Tech content trusted by users in North America and around the world
7,296 Reviews & Articles | 53,182 News Posts

ASUS ROG STRIX X99 GAMING (Intel X99) Motherboard Review

By: Steven Bassiri | Socket LGA 2011 in Motherboards | Posted: Jun 21, 2016 7:12 pm
TweakTown Rating: 91%Manufacturer: ASUS

ROG STRIX X99 GAMING Circuit Analysis Continued




The STRIX X99 GAMING uses an ALC1150 Realtek codec along with two Texas Instruments R4580 amplifiers for the rear and front audio output jacks. There are also ten Nichicon Gold series electrolytic audio capacitors, a physical analog domain PCB isolation solution, and separate routing of left and right output signals to improve audio quality and reduce distortion and unwanted noise.





The wired network solution is one from Intel; the integrated MAC in the PCH uses an i218v PHY to produce a 1Gbit NIC. ASUS's WIFI/BT solution is a Qualcomm QCNFA364A M.2 2230-type card that supports 2x2 Wireless AC with MU-MIMO support and Bluetooth 4.1. The WIFI/BT card uses the same 1x PCI-E 2.0 lane as the first PCI-E 1x slot so that you can use one or the other.




For the USB 3.1 on the rear IO, ASUS is using the ASMedia 1142 and an EtronTech EJ179V type-C switch and power delivery chip. The two PCI-E 2.0 lanes that provide bandwidth to the ASMedia USB 3.1 controller also can be used for the PCI-E 4x slot if you don't want to use the USB 3.1 ports. There are four USB 3.0 ports on the rear IO. One of those ports is directly routed to the PCH, and the PCH also supplies one other USB 3.0 port to an ASMedia ASM1074 USB 3.0 hub that then provides three extra ports for the rear IO. Using hubs for expanding X99 USB 3.0 is very common, and most brands do it. The hubs actually can help with signal integrity for ports that are far away.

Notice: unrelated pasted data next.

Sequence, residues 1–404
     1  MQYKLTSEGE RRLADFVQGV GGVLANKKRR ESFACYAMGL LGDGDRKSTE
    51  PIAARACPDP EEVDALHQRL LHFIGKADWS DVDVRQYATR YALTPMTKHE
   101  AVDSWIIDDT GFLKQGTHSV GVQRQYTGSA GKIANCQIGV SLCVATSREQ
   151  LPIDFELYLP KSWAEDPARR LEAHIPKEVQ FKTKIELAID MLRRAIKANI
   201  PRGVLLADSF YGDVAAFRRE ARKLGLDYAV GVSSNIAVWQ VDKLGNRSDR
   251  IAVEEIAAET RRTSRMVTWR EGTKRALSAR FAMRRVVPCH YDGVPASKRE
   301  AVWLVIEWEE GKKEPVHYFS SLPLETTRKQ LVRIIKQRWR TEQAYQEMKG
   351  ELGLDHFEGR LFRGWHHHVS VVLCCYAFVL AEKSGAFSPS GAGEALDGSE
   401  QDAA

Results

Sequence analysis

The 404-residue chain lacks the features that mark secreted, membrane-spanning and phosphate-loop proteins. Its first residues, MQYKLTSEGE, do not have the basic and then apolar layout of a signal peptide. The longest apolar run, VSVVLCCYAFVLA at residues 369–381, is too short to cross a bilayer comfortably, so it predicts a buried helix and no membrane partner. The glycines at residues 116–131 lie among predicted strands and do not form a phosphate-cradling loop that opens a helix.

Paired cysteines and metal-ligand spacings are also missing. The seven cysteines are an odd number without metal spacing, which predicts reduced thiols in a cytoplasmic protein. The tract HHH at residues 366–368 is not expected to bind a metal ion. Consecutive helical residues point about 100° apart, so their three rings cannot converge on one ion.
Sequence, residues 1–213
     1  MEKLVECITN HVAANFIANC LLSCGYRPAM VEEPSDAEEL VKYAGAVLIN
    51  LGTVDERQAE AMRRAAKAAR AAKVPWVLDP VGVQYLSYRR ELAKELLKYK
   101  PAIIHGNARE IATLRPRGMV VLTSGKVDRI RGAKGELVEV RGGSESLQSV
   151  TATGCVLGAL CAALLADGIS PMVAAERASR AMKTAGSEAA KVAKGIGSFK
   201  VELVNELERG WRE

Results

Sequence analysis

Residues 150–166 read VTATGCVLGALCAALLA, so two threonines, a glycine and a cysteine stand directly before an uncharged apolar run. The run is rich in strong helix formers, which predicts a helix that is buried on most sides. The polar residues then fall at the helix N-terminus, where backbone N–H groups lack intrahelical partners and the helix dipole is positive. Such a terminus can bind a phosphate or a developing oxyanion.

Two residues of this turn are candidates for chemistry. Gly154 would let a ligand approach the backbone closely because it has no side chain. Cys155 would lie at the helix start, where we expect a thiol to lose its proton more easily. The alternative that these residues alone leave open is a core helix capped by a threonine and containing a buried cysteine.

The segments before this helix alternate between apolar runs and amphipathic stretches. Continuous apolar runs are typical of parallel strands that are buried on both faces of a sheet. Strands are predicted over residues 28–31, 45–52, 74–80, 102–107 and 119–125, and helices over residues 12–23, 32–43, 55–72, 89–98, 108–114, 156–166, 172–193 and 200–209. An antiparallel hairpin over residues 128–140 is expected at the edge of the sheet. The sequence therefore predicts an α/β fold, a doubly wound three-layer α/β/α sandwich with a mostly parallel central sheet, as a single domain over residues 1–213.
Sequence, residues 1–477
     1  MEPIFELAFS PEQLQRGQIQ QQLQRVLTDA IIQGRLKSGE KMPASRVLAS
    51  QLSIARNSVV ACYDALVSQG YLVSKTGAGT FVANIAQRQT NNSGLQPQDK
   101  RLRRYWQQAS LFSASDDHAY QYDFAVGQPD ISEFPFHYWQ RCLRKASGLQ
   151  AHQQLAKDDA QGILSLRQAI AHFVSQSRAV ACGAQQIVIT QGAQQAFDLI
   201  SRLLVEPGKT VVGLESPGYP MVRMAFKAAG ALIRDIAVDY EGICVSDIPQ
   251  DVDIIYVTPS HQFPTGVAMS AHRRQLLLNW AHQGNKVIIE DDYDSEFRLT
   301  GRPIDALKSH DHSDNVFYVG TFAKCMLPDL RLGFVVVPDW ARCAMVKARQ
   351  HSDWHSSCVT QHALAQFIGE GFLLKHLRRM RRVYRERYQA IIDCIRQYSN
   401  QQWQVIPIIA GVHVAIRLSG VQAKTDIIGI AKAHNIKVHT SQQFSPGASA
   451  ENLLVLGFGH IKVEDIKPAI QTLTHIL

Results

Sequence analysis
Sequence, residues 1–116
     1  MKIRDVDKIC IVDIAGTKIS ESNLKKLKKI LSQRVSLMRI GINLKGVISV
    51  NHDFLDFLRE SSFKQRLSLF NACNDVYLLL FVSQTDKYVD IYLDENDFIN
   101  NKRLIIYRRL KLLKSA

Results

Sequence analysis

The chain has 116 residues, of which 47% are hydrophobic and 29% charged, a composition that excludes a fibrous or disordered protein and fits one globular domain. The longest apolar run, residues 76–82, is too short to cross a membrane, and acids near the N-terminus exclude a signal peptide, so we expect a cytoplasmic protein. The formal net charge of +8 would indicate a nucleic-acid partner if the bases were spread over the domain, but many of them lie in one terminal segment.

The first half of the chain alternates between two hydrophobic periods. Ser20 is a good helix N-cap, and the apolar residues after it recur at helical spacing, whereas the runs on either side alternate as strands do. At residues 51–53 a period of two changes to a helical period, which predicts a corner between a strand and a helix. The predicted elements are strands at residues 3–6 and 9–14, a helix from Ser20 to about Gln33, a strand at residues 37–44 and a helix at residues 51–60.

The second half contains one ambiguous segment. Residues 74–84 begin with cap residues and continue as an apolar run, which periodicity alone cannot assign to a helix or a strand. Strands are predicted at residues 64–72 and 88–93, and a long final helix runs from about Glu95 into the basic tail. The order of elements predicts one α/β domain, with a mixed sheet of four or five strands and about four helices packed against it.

I couldn't identify the IC labeled "SB3572U". I found resellers online but alas a datasheet alluded me. So, I traced the traces through the PCB and discovered that this chip is responsible for controlling the RGB LEDs. It would make sense that an RGB LED controller is being used because otherwise it is very hard to independently control RGB clusters. The chip labeled "BIOS" is ASUS's custom embedded controller used for the BIOS Flashback feature that allows the system to flash the BIOS with a file on a USB stick, even without the main system being active. A single 128Mbit (16MB) Winbond BIOS ROM is located in a DIP socket.




The main SuperIO is a nuvoTon NCT6791D, and a UTC chip is used for the COM Port. ASUS has a lot of special ROG features that are executed and controlled by custom programmed microcontrollers. These chips just say ROG on them, and provide extra fan control, special OC features, and other non-obvious functions.




I wasn't able to find what the chip labeled "1543" does, but I assume it's either a clock generator for the CPU or some power delivery chip for the extra pins. I wanted to show some of the quick switches on the motherboard; there is a healthy mixture of PCI-E 2.0 ASM1440s and PCI-E 3.0 ASM1480s used to switch around CPU and PCH PCI-E bandwidth.




Someone had asked for close-up shots of the RGBs on the motherboard, and these RGBs are located below the "Republic of Gamers" block at the center of the motherboard.

    We at TweakTown openly invite the companies who provide us with review samples / who are mentioned or discussed to express their opinion of our content. If any company representative wishes to respond, we will publish the response here.

Related Tags

Got an opinion on this content? Post a comment below!
Subscribe to our Newsletter

Latest News Posts

View More News Posts
View Our Latest Videos

Forum Activity

View More Forum Posts

Press Releases

View More Press Releases